Fabric Gallery

The Women of Gee's Bend

A small remote community in Alabama (pop. 700), represents the genius of a group of exceptional quilters who, for more than a century, have created distinctive works of art for their homes and families. The textile artists of Gee's Bend are the inheritors of a tradition that goes back many generations. The "discovery" of these unique American masterpieces has led to their exhibition in museums including The Museum of Fine Arts, Houston, The Whitney Museum of American Art, New York and The Museum of Fine Arts, Boston, among others.

Windham Fabrics is proud to partner with the Gee's Bend Quilters Collective and present The Quilts of Gee's Bend. It is our pleasure to encourage every quilter to be inspired by the vision and courage of the modern quilting pioneers, and create their own masterpiece. For more information about the women of Gee's Bend, their stories, and their quilts please visit www.quiltsofgeesbend.com. Windham Fabrics shares a portion of the proceeds from the sale of our Gee's Bend Kits and Gee's Bend Solids with the Gee's Bend Quilters Collective.

We wish to thank Debby Kratovil for her expertise in adapting the original version of these quilt for use in our kits. Our thanks to Connie Gallant for expert long arm quilting on our Gees Bend Kit quilts.

Click here to view
The Quilts of Gee’s Bend - Kits and Solids
Work Clothes
"Work Clothes"

By Loretta Pettway Bennett (b. 1960)

Loretta Pettway Bennett was born in her grandparents' home in 1960 and is the youngest living quilt artist and member of the acclaimed Quilters of Gee's Bend. She is the 5th generation to be born in Gee's Bend and traces her family back to Dinah Miller, who according to legend was the first slave to arrive in Gee's Bend from Africa before the American Civil War.

An often mentioned design triumph of the Gee's Bend aesthetic has been its quiltmakers magnification of small pattern blocks to monumental scales, so that the single element becomes the entire composition. Loretta's Blocks and Strips pattern is an example of the style of her "one block quilt." Loretta's quilts, while they remain geometric patchworks, seem more narrative than anything in the Gee's Bend tradition because they excerpt a "story" from other quilts. This storyteller's urge can only happen when a younger artist realizes she has inherited a burden to represent and enshrine the past in her work, while also having the confidence to explore her own personality and individuality.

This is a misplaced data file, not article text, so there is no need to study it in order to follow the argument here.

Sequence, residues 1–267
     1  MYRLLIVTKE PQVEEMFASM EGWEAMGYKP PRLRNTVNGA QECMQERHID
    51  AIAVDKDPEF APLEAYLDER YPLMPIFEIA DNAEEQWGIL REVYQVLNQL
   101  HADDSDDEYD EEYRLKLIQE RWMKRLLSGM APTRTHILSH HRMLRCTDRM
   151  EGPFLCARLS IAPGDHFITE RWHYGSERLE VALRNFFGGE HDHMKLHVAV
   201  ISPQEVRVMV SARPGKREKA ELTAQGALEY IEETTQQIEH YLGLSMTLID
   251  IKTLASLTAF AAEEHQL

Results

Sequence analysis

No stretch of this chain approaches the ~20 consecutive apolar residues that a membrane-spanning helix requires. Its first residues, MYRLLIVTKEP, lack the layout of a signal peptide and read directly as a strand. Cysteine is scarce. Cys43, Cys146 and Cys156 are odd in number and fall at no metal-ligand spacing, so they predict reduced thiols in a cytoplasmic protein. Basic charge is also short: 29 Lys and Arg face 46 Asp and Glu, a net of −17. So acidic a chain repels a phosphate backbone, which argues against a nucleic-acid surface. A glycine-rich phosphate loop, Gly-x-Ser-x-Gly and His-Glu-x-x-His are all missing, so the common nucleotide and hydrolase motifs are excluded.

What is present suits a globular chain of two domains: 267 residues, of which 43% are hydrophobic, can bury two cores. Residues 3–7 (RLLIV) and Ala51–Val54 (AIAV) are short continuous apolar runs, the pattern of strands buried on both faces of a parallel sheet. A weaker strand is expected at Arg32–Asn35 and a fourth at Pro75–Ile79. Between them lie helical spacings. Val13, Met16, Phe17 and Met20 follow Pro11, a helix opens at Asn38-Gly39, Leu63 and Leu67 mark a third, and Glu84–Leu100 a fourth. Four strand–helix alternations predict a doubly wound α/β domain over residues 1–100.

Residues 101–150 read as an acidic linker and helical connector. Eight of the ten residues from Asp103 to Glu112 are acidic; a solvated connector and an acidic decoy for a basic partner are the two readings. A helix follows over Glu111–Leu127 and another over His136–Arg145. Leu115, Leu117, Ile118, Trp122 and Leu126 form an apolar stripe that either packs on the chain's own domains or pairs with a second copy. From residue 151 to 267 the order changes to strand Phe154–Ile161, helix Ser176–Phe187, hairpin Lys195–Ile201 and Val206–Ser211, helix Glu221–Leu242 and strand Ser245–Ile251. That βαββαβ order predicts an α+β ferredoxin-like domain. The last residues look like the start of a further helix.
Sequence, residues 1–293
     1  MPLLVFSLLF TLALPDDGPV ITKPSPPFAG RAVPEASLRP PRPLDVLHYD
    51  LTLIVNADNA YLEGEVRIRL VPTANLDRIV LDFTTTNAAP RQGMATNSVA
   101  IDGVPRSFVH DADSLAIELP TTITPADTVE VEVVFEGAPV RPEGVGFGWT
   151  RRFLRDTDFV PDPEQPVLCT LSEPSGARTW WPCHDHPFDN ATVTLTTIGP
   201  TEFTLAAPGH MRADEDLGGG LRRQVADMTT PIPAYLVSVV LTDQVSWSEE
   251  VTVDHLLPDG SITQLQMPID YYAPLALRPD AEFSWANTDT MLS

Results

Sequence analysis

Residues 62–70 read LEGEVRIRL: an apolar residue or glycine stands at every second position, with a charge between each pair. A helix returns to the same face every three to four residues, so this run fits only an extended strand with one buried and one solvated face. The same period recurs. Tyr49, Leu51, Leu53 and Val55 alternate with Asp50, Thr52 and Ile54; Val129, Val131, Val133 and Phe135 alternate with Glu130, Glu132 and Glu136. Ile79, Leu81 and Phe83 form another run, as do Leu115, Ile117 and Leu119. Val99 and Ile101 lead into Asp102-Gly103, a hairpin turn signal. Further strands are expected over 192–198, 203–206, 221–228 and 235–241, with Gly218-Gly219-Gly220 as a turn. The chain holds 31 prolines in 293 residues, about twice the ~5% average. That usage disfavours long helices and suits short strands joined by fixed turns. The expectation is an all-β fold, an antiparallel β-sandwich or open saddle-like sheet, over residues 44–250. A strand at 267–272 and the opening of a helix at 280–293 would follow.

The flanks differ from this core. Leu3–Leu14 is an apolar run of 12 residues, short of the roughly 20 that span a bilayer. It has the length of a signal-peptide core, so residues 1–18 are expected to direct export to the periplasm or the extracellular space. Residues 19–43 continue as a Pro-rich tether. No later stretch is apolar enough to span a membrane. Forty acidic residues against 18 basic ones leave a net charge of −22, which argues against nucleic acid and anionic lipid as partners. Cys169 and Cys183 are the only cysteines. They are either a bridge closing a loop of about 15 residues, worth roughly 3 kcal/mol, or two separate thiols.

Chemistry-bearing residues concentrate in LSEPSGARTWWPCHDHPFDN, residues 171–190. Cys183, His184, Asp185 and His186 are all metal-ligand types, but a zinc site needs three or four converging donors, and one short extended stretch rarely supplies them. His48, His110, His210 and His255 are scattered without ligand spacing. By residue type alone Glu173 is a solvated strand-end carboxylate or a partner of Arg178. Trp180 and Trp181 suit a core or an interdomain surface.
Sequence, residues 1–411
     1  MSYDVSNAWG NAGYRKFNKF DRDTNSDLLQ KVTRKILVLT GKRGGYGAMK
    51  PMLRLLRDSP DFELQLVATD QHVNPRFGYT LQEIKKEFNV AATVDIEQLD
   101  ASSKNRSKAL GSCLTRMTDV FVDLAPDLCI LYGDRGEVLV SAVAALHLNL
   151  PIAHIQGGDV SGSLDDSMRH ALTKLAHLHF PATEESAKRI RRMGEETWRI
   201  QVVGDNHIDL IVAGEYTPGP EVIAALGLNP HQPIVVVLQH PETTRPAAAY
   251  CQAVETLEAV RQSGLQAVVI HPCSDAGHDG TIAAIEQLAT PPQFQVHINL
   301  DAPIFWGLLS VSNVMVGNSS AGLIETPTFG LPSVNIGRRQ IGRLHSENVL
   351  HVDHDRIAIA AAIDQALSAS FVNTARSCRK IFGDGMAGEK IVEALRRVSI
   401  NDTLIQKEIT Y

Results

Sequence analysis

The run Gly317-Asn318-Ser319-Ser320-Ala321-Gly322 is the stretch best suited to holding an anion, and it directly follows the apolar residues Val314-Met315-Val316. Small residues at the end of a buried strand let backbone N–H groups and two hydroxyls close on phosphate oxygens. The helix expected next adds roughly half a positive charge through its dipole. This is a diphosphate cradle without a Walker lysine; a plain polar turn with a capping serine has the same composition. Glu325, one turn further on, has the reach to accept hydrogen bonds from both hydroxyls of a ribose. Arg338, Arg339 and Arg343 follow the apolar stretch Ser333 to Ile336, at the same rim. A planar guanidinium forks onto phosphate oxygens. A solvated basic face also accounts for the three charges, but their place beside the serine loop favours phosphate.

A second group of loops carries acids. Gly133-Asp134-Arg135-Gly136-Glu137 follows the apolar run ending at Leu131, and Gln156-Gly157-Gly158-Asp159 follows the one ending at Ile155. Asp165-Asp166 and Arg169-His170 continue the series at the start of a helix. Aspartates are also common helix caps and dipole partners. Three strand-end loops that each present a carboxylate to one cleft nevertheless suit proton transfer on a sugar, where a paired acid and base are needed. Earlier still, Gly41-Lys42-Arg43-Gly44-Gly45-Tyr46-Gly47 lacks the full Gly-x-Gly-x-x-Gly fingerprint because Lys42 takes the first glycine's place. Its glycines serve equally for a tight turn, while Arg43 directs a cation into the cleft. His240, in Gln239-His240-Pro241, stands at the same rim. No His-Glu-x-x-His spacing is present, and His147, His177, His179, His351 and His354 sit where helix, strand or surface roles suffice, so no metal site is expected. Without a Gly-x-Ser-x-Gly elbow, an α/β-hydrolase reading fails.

Gee's Bend the Architecture of the Quilt

"Work Clothes" * 46" X 60" * Style Number: 32071

"Blocks & Strips"
By Loretta Pettway Bennett (b. 1960)

"Blocks & Strips" * 50" X 60" * Style Number: 32070

Blocks and Strips
Medallion Variation
"Medallion Variation"
By Louisiana Pettway Bendolph (b. 1960)

Louisiana Pettway Bendolph, or Lou grew up in Gee's Bend playing under quilts and recalls the needle's motion in and out of the fabric as her mother Rita Mae Pettway, and her great aunt Nellie Pettway, quilted them. At the age of twelve Louisiana made her first quilt. It was a "plain, simple quilt," but her memory of it remains strong. As was typical in Gee's Bend at the time, Louisiana kept creating quilts throughout her teenage years, until she married at the age of twenty. In the ensuing years Louisiana made quilts sporadically until attending the opening of "The Quilts of Gee's Bend" exhibition at the Museum of Fine Arts, Houston. There she was brought to tears by the beauty of the quilts on display. She was particularly drawn to the work of Annie E. Pettway (her grandmother) and images of quilts and their role in her community would not leave her thoughts.

"Medallion Variation" * 52" X 72" * Style Number: 32072

An error was found in the cutting instructions for:

From Fabric I (Red):

1 strip 5-1/2" x 9-1/2" should be 1 strip 5-1/2" x wof; re-cut into 2 strips 5-1/2" x 9-1/2"; 1 square 5-1/2" x 5-1/2"; 1 strip 5-1/2" x 3-1/2"; trim and cut 1 square 4-1/2" x 4-1/2"

Housetop Nine Block
"Housetop Nine Block"

By Annie E. Pettway (b. 1904)

Annie E. Pettway was born June 18, 1904, one of the ten children born to Austin H. and Leetha Pettway. She married Ed O. Pettway, and together had nine children. Ed O., who had been born a Williams, had his name changed to Pettway when his family moved to the area known as Pettway, on the site of the former Pettway Plantation in Gee's Bend.

Annie E. Pettway spent her life working in the fields and raising her growing family, which would eventually include numerous grandchildren and great grandchildren. She pieced and quilted quilts and also taught her daughters and granddaughters how to quilt.

"Housetop Nine Block" * 66" X 74" * Style Number: 32069